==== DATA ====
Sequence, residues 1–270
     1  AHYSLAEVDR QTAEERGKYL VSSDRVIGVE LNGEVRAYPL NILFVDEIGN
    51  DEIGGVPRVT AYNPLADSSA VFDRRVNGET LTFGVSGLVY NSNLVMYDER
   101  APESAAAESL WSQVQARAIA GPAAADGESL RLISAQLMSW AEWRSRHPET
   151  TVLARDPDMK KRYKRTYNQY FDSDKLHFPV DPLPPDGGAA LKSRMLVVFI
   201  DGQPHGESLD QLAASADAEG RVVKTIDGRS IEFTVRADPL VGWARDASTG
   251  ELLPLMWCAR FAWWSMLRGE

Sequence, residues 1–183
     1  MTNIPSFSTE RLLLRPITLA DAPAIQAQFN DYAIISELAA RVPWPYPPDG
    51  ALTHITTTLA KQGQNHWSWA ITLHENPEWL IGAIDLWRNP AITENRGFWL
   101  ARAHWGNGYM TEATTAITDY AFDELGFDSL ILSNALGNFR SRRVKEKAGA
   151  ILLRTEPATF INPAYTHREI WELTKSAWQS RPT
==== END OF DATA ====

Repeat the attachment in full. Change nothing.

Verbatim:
Sequence, residues 1–270
     1  AHYSLAEVDR QTAEERGKYL VSSDRVIGVE LNGEVRAYPL NILFVDEIGN
    51  DEIGGVPRVT AYNPLADSSA VFDRRVNGET LTFGVSGLVY NSNLVMYDER
   101  APESAAAESL WSQVQARAIA GPAAADGESL RLISAQLMSW AEWRSRHPET
   151  TVLARDPDMK KRYKRTYNQY FDSDKLHFPV DPLPPDGGAA LKSRMLVVFI
   201  DGQPHGESLD QLAASADAEG RVVKTIDGRS IEFTVRADPL VGWARDASTG
   251  ELLPLMWCAR FAWWSMLRGE

Sequence, residues 1–183
     1  MTNIPSFSTE RLLLRPITLA DAPAIQAQFN DYAIISELAA RVPWPYPPDG
    51  ALTHITTTLA KQGQNHWSWA ITLHENPEWL IGAIDLWRNP AITENRGFWL
   101  ARAHWGNGYM TEATTAITDY AFDELGFDSL ILSNALGNFR SRRVKEKAGA
   151  ILLRTEPATF INPAYTHREI WELTKSAWQS RPT